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Escherichia coli Contamination across Multiple Environmental Compartments (Soil, Hands, Drinking Water, and Handwashing Water) in Urban Harare: Correlations and Risk Factors

Type of publication Peer-reviewed
Publikationsform Original article (peer-reviewed)
Author Julian Timothy R., Mosler Hans-Joachim, Friedrich Max N. D., Navab-Daneshmand Tala, Montealegre Maria Camila, Gächter Marja, Nhiwatiwa Tamuka, Mlambo Linn S.,
Project Growth kinetics and gene transfer of enteric and environmental E. coli in domestic settings
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Original article (peer-reviewed)

Journal The American Journal of Tropical Medicine and Hygiene
Volume (Issue) 98(3)
Page(s) 803 - 813
Title of proceedings The American Journal of Tropical Medicine and Hygiene
DOI 10.4269/ajtmh.17-0521

Open Access

Type of Open Access Publisher (Gold Open Access)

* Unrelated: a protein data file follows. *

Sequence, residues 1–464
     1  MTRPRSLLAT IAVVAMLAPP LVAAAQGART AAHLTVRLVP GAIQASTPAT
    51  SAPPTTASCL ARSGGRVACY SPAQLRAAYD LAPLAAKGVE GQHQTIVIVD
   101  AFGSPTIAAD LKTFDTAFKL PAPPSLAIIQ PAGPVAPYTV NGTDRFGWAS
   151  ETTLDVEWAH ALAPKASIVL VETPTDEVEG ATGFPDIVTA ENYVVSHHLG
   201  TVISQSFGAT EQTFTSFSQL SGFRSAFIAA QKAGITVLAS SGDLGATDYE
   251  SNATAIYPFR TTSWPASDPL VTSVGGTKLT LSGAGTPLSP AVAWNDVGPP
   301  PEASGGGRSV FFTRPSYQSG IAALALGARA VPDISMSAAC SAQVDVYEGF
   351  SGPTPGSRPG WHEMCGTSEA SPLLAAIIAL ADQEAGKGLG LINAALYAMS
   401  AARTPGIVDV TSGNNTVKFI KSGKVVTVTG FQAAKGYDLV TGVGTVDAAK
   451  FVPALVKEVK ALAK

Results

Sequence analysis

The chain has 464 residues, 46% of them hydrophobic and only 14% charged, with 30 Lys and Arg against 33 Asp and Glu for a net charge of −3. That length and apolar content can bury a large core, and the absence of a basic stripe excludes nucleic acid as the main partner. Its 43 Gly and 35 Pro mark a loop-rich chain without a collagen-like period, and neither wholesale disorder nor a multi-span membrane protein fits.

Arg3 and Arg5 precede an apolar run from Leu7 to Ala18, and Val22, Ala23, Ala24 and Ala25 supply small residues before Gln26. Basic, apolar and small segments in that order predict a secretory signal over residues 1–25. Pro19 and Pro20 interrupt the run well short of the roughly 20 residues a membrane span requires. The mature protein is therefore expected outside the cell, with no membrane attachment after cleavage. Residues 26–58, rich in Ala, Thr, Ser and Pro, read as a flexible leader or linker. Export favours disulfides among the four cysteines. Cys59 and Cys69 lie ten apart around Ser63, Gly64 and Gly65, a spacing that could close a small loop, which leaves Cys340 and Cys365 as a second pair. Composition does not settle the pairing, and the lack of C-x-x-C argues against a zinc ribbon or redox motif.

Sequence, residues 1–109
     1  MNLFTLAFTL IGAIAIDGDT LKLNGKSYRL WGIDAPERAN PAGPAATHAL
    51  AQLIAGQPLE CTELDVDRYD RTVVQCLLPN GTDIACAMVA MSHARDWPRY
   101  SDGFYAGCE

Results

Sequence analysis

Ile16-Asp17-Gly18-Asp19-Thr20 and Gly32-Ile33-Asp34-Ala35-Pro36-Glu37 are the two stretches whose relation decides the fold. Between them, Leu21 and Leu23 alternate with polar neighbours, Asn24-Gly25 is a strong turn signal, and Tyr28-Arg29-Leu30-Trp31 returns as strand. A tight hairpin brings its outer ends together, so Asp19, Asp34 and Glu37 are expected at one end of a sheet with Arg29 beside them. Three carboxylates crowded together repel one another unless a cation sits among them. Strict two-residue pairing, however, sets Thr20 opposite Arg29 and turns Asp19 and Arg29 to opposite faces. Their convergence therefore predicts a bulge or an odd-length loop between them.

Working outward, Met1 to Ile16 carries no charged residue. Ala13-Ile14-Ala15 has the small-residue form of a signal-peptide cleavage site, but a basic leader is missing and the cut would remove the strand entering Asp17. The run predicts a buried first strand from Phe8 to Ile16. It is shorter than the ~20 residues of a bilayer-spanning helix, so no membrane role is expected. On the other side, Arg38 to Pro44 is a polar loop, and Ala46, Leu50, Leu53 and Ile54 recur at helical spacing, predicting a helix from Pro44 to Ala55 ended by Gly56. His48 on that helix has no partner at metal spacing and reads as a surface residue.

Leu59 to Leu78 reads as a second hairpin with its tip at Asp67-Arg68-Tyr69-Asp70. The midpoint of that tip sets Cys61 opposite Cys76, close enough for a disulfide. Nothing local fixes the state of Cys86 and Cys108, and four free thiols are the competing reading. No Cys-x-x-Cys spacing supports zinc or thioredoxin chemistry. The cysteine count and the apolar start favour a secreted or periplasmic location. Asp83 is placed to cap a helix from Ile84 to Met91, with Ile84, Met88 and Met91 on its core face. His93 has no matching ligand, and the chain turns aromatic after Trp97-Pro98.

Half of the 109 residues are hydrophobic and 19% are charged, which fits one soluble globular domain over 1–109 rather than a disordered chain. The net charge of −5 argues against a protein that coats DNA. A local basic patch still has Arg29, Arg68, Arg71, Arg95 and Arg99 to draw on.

Escherichia coli pathotypes (i.e., enteropathogenic and enterotoxigenic) have been identified among the pathogens most responsible for moderate-to-severe diarrhea in low- and middle-income countries (LMICs). Pathogenic E. coli are transmitted from infected human or animal feces to new susceptible hosts via environmental reservoirs such as hands, water, and soil. Commensal E. coli, which includes nonpathogenic E. coli strains, are widely used as fecal bacteria indicator, with their presence associated with increased likelihood of enteric pathogens and/or diarrheal disease. In this study, we investigated E. coli contamination in environmental reservoirs within households (N = 142) in high-population density communities of Harare, Zimbabwe. We further assessed the interconnectedness of the environmental compartments by investigating associations between, and household-level risk factors for, E. coli contamination. From the data we collected, the source and risk factors for E. coli contamination are not readily apparent. One notable exception is the presence of running tap water on the household plot, which is associated with significantly less E. coli contamination of drinking water, handwashing water, and hands after handwashing. In addition, E. coli levels on hands after washing are significantly associated with handwashing water contamination, hand contamination before washing, and diarrhea incidence. Finally, we observed that animal ownership increases E. coli contamination in soil, and E. coli in soil are correlated with contamination on hands before washing. This study highlights the complexity of E. coli contamination in household environments within LMICs. More, larger, studies are needed to better identify sources and exposure pathways of E. coli—and enteric pathogens generally—to identify effective interventions.